Patrick and Gordon, who had started the race one and two, were never far from the front. A third debris caution came out on Lap 85, the pits opened a lap later and all of the leaders stopped for fuel. On Lap 89, things went green, and Patrick took her spot in the lead with another inside move on Michael Waltrip. To start Lap 90 it was Patrick, Bowyer, Hamlin, Waltrip, Kenseth, Truex Jr., Biffle, Gordon, Johnson, Logano.
She led for two laps, Denny Hamlin got around her on Lap 92, Kenseth got around Hamlin two laps later, and he’d go on to do 86 laps at the front of the race. There had been 15 lead changes for ten drivers to that point. The problem for Kenseth was that the man leading at the halfway point hasn’t won the race since Davy Allison did it in 1992. On Lap 100, the race order was Kenseth, Hamlin, Patrick, Bowyer, Johnson, Waltrip, Burton, Truex, Jr., Biffle and Logano.
Twenty laps later, the order was exactly the same and the announcers repeated their expectation that “Go time” would have to happen soon.
Patrick took the lead one more time on Lap 126 for a brief spell when the two in front of her dove into the pits, but she took to the pits on Lap 129. After all the stops, the order on Lap 134 Kenseth, Hamlin, Bowyer, Busch, Martin, Truex Jr., Earnhardt Jr., Biffle, Patrick, Johnson.
Three laps later, another crash midway through Turn 2 claimed Josh Wise, Trevor Bayne, David Ragan, Carl Edwards, David Gilliland, and Ricky Stenhouse, Jr. and that brought out a caution to clear up oil, water and other fluids that ran from Turn 1 all the way to the back straight. It took the cleanup crew nine laps to get it fixed, and when racing resumed it was Kenseth, Hamlin, Bowyer, Kyle Busch, Martin, Truex, Jr., Earnhardt, Jr., Biffle, Patrick and Johnson.
That put the two Toyotas of Joe Gibbs Racing in front, then the cars decided to retire. Kenseth, having led 86 laps, started smoking something awful, and his crew didn’t even pretend it was going to be fixed when he got to the pits. On Lap 152, Kyle Busch came into the pits, same smoke, same shrugging crew. That made the order Hamlin, Truex, Jr., Biffle, Johnson, Gordon, Labonte, Marcos Ambrose, Bowyer, Patrick and Regan Smith.
With less than one quarter of the race to run, the announcers were still saying “Sooner or later we’re going to get to go time and the drivers will stop logging laps.” It wouldn’t happen soon: The final round of pit stops began on Lap 170 with Bobby Labonte coming in, by Lap 173 everyone had pitted, mostly for fuel and tires on the right side. At one point, smoke was pouring off of Dale Jr.’s car, but he stayed out and it cleared up, and Mark Martin’s Toyota was thought to have lost a cylinder but that also cleared itself up.
On Lap 176, Jeff Burton hit the front stretch wall, bringing another caution. Keselowski, the 2012 Sprint Cup Champion, having been in two incidents including getting chewed up in the crash on Lap 31, was now leading the race, tape all over his car to keep it together.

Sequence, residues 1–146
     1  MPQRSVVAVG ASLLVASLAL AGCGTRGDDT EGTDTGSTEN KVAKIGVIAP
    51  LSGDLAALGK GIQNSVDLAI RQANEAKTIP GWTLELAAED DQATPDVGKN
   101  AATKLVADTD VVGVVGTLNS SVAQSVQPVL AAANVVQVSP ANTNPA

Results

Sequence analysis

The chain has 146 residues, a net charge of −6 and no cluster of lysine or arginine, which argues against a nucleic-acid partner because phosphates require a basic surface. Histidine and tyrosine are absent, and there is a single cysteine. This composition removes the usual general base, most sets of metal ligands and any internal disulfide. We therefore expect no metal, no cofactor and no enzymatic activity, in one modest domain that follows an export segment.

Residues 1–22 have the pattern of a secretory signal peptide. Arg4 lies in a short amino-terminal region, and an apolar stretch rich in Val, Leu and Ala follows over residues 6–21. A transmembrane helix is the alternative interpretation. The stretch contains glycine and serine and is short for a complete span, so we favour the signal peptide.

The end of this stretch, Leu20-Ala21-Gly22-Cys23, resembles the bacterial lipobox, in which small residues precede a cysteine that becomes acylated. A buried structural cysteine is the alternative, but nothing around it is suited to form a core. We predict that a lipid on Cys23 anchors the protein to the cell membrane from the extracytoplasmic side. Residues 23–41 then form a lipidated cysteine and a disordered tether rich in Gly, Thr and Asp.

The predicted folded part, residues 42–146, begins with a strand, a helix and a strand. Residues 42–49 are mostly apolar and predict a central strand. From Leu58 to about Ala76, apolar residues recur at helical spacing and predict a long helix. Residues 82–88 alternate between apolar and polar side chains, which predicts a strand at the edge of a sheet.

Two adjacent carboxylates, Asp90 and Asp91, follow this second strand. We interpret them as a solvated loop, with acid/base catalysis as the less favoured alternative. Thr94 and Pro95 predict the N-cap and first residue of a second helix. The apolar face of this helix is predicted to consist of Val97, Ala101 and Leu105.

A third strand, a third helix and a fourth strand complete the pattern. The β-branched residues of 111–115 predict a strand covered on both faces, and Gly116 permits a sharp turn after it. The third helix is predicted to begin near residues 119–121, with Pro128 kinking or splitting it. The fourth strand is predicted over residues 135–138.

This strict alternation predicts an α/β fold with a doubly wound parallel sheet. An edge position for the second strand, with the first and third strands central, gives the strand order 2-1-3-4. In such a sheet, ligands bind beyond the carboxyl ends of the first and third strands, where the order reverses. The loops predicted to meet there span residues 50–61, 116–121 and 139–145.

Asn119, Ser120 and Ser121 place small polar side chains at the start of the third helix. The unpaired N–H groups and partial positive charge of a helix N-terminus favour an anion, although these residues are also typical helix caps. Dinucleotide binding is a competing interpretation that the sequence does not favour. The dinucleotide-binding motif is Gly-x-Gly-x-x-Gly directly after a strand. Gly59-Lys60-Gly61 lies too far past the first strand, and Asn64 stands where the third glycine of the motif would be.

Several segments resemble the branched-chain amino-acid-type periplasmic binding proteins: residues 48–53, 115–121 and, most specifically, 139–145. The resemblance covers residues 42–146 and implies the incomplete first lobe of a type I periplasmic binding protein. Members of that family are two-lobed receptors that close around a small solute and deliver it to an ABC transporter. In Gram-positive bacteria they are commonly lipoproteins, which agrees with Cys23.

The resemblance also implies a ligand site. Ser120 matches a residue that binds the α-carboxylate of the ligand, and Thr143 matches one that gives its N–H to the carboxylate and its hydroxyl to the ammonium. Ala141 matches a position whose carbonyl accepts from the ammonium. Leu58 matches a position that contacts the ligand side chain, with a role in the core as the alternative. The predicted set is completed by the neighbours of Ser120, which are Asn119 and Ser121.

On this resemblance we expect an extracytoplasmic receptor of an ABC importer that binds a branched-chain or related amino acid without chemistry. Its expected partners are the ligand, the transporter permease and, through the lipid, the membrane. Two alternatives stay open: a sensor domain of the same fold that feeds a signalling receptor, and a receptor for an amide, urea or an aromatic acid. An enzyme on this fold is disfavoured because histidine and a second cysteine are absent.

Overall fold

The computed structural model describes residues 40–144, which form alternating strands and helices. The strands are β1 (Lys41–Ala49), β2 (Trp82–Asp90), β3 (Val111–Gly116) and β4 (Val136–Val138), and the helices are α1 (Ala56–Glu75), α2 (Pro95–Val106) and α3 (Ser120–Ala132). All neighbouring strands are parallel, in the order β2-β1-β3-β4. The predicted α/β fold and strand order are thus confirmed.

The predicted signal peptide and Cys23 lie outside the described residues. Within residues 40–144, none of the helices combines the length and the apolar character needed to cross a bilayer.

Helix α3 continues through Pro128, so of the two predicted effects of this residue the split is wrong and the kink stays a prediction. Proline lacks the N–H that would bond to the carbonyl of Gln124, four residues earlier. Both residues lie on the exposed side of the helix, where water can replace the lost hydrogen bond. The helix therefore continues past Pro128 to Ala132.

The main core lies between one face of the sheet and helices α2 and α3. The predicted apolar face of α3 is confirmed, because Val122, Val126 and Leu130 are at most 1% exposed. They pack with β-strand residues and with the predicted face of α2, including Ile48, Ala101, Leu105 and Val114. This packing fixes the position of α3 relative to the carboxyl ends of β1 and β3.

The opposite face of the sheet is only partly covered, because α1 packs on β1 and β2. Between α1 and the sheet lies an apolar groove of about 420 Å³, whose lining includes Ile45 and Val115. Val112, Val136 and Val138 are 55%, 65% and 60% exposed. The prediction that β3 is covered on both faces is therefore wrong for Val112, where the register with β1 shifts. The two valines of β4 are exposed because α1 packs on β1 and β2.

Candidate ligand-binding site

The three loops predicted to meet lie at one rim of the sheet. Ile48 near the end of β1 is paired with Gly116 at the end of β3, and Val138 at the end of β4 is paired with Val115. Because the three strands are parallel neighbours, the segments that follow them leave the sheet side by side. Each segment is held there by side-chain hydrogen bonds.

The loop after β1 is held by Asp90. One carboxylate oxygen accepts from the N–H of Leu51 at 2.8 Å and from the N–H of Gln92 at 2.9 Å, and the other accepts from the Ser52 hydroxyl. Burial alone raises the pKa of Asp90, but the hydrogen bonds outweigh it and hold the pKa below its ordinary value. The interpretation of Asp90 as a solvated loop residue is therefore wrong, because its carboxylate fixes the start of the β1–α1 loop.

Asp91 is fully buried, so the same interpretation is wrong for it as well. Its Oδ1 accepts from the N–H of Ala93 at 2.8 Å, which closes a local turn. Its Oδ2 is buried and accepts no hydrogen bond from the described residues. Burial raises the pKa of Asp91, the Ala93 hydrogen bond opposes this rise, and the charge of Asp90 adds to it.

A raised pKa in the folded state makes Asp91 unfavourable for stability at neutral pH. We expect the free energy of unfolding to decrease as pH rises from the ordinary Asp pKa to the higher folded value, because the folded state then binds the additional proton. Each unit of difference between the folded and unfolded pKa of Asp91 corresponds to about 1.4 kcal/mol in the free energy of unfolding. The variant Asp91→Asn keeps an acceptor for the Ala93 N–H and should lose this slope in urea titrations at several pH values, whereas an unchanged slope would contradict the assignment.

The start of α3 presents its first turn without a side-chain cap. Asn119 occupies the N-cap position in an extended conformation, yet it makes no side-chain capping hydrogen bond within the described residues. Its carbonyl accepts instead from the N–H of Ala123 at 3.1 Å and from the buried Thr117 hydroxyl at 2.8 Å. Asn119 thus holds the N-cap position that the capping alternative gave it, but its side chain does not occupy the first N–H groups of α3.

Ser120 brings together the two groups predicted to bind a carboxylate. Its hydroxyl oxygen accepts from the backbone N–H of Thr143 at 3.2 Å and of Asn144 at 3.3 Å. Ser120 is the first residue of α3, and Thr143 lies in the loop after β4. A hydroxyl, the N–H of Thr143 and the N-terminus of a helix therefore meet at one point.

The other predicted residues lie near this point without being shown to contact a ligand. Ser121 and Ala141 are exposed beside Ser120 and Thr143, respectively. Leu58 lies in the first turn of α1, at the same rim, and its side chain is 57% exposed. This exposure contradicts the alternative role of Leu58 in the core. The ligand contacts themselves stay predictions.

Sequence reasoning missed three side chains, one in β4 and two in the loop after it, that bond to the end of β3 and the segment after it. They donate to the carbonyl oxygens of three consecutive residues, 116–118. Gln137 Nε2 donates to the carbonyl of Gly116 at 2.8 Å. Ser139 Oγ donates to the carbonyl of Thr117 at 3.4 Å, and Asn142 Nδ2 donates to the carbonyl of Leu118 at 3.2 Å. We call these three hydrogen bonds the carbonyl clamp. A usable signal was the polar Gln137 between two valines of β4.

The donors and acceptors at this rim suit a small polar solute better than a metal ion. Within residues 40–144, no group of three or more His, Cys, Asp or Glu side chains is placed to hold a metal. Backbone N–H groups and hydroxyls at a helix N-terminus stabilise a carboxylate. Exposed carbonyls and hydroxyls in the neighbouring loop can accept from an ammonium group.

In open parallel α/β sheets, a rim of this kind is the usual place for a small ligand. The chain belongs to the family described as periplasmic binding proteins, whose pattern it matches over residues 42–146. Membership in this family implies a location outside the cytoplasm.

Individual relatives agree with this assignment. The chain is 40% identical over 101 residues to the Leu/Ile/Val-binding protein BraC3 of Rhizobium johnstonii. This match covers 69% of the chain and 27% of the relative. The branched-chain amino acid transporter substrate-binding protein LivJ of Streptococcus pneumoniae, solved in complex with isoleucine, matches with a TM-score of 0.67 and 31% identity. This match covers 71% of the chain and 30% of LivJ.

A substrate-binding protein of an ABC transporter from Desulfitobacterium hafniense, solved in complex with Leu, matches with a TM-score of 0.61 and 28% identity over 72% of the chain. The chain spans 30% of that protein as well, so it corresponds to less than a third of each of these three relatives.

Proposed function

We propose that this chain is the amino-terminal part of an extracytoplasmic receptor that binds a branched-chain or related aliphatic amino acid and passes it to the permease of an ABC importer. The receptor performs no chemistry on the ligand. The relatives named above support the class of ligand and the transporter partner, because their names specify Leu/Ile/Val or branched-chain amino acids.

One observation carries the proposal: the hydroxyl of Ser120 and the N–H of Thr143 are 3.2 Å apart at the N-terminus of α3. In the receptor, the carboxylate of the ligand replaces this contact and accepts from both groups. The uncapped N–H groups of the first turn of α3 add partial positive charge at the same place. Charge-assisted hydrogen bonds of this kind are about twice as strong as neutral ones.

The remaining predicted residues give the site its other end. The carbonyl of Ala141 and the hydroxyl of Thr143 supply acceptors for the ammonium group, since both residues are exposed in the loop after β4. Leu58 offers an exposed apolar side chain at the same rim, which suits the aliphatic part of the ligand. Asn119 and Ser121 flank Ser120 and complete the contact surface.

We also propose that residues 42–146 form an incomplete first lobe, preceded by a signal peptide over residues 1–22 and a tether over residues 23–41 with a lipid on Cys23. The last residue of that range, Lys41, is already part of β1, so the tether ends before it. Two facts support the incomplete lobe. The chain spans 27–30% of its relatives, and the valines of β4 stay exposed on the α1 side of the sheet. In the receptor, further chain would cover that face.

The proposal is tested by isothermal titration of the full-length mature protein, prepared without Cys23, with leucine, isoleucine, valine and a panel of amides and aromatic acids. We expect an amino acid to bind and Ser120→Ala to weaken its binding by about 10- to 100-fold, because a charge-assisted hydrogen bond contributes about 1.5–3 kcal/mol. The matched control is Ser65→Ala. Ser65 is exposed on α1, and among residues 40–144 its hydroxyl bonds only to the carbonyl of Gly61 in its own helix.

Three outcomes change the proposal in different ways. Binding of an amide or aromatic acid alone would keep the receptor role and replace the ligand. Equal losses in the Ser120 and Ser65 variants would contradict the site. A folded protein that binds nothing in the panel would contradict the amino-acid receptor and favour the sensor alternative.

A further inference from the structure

The race went green again on Lap 181 with 25 cars on the lead lap, the order being Keselowski, Biffle, Patrick, Gordon, Johnson, Martin, Earnhardt, Jr., Ambrose, David Reutimann, Hamlin. With just 19 laps left drivers had to start doing something, but up to this point anyone who dove to the inside other than Danica Patrick was still going backward. Then a group led by Jimmie Johnson, winner in 2006, got it going and by Lap 190 the race was Keselowski and Johnson side-by-side swapping the lead by a matter of inches, followed by Hamlin, Biffle, Bowyer, Patrick, Logano, Jr., Gordon, Martin. A win for Keselowski would have been extra special because the defending Sprint Cup champion hasn’t won the Daytona 500 since 2000.
Then came another debris caution on Lap 192. Johnson had got ahead of Keselowski by inches, and on the inside line becaue he shot down with a pack of cars bunched up while the cars on the outside were spaced out. When the caution was called, Johnson had lane choice and he naturally took the outside line.
When racing resumed again lap 194, Johnson and Keselowski kept going at it, but the pack of cars on the outside stayed tight, those on the inside line put up a fight but couldn’t get it done. On Lap 197 it was Johnson, Biffle, Patrick, Earnhardt, Jr., Martin, Keselowski, Ryan Newman, Regan Smith, J.J. Yeley and Michael McDowell.
Then just after the white flag, Earnhardt, Jr. dove down the inside and blasted from fourth to second, but he couldn’t pass his Hendricks Motorports teammate Johnson.
At the checkered flag it was Jimmie Johnson, Dale Earnhardt, Jr., Mark Martin, Brad Keselowski, Ryan Newman, Greg Biffle, Regan Smith, Danica Patrick, Michael McDowell and J.J. Yeley. It was the second Daytona 500 win for Johnson, who otherwise hasn’t done better than 27th the past three years.
The final stats: It was Hendrick’s seventh win at Daytona; after three hours and ten minutes racing, there were 24 cars on the lead lap; 14 drivers led the race with 29 lead changes; 43 drivers started, 35 made it to the finish; and there were six cautions that swallowed up 24 laps.
And there’s even a treat for those of you who aren’t NASCAR fans: Because Ryan Newman finished in top ten, you get a Bloomin’ Onion at participating Outback Steakhouses when you make another purchase. Enjoy.
The NASCAR action continues again next weekend at Phoenix.